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First approval given to 55-home subdivision in Flowery Branch
1208FLOWERY
Frank McGowan of McGowan Family Farming Partnership Inc. describes a proposed 55-home subdivision to the Flowery Branch City Council Thursday night. - photo by Jeff Gill

Construction could start in March on a 55-home subdivision off East Main Street in Flowery Branch, if Frank McGowan continues the success he had Thursday night.

The Flowery Branch City Council gave its first OK to rezoning 11.54 acres at 5461 E. Main St. and 5106 Spring St. for the subdivision.

McGowan of McGowan Family Farming Partnership Inc. is proposing to put together two tracts — 7.34 acres off East Main and 4.2 acres owned by First Baptist Church off Spring Street — for the development, dubbed as “The Branches at East Main” in drawings of the project.

McGowan owns the 7.34 acres and “has a sales agreement in place” for the church property, according to the rezoning ordinance.

The drawings show two-story homes with wood and stacked stone or brick accents, similar to another McGowan subdivision, Harbour Lights on Lights Ferry Road.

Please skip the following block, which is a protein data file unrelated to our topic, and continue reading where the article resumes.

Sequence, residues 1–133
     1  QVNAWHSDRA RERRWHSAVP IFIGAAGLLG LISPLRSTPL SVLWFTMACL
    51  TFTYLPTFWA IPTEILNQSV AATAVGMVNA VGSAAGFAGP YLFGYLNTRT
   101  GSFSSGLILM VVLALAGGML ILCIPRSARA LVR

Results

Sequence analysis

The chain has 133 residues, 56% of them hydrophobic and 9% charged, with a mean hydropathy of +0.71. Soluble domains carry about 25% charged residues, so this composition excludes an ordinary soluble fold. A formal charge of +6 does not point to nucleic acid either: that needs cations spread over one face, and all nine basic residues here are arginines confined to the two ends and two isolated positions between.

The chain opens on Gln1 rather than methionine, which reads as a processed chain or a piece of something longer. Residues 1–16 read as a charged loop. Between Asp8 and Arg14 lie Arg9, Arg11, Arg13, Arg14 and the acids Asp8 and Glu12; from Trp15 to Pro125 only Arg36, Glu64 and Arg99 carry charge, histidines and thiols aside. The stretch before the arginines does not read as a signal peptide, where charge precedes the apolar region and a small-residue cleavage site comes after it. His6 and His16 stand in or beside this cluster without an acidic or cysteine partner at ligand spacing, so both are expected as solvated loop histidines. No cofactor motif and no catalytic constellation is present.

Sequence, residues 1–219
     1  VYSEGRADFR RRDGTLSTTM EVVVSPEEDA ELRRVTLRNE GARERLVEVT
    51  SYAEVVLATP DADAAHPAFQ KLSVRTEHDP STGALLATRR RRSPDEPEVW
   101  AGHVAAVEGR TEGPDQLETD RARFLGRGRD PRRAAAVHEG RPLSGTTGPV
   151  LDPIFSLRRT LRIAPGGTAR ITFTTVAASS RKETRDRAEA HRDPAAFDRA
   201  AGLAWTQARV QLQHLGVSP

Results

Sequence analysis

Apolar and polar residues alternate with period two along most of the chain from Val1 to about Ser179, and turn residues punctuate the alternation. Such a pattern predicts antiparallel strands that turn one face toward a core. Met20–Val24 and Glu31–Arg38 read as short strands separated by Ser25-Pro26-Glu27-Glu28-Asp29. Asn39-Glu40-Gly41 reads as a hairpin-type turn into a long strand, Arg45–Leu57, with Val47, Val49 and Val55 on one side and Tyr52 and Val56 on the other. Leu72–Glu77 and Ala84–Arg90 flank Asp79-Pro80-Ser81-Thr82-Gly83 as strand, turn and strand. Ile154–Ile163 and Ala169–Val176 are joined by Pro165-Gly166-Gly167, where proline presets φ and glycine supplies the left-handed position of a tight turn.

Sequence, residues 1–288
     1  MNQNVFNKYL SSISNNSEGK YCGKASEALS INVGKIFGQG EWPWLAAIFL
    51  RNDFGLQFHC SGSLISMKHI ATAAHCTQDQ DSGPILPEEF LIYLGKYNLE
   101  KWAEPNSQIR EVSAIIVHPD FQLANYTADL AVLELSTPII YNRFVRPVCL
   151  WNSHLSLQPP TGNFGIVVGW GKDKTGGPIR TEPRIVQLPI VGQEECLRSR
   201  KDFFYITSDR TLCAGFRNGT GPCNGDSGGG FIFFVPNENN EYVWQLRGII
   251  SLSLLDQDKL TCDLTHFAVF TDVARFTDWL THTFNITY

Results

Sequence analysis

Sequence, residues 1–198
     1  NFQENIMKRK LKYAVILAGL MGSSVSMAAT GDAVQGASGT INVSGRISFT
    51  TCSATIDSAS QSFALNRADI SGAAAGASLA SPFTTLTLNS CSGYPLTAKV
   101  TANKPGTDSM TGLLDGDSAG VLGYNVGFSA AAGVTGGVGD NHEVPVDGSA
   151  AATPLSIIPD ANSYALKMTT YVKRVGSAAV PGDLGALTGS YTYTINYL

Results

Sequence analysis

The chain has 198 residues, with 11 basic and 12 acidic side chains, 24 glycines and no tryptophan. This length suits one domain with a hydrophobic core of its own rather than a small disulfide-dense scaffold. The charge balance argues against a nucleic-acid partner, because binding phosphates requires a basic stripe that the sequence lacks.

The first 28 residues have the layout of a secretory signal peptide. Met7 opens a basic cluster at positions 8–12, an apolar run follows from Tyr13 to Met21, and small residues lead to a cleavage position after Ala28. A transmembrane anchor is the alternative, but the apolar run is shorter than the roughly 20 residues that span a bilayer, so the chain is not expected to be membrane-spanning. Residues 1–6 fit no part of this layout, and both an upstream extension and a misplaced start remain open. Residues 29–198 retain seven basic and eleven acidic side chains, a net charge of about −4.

The development also would feature a landscaped entrance and monument sign, as well as sidewalks and areas of open space.

Homes would be at least 1,600 square feet in size.

The proposal, which calls for rezoning the property from multifamily residential and institutional to planned unit development, will go later before Flowery Branch City Council for final approval.

McGowan said work could start in the spring, depending on the weather, with buildout in a couple of years.

The subdivision is proposed on land between Atlanta Highway/Ga. 13 and Thurmon Tanner Parkway near Phil Niekro Boulevard.

The area is largely undeveloped except for a few scattered homes.

Last year, in the same area, a St. Simons Island-based developer was seeking to rezone 7 acres for a 60-unit affordable housing project geared to residents 55 and older.

Clement & Co. principal Mitchell Davenport got the rezoning approval for the project, but he was hoping to use a low-income tax credit program through the Georgia Department of Community Affairs to build the complex.

The development didn’t make the cut as part of a statewide competitive process that wrapped up in November 2016.


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